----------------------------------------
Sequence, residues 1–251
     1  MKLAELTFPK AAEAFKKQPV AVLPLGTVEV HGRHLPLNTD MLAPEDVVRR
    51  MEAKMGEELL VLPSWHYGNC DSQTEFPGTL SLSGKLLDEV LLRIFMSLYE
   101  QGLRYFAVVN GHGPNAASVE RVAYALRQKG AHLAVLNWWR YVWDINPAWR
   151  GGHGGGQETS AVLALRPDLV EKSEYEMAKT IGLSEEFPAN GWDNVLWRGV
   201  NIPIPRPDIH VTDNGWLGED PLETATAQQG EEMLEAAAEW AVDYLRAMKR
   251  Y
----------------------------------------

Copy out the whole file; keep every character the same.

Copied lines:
Sequence, residues 1–251
     1  MKLAELTFPK AAEAFKKQPV AVLPLGTVEV HGRHLPLNTD MLAPEDVVRR
    51  MEAKMGEELL VLPSWHYGNC DSQTEFPGTL SLSGKLLDEV LLRIFMSLYE
   101  QGLRYFAVVN GHGPNAASVE RVAYALRQKG AHLAVLNWWR YVWDINPAWR
   151  GGHGGGQETS AVLALRPDLV EKSEYEMAKT IGLSEEFPAN GWDNVLWRGV
   201  NIPIPRPDIH VTDNGWLGED PLETATAQQG EEMLEAAAEW AVDYLRAMKR
   251  Y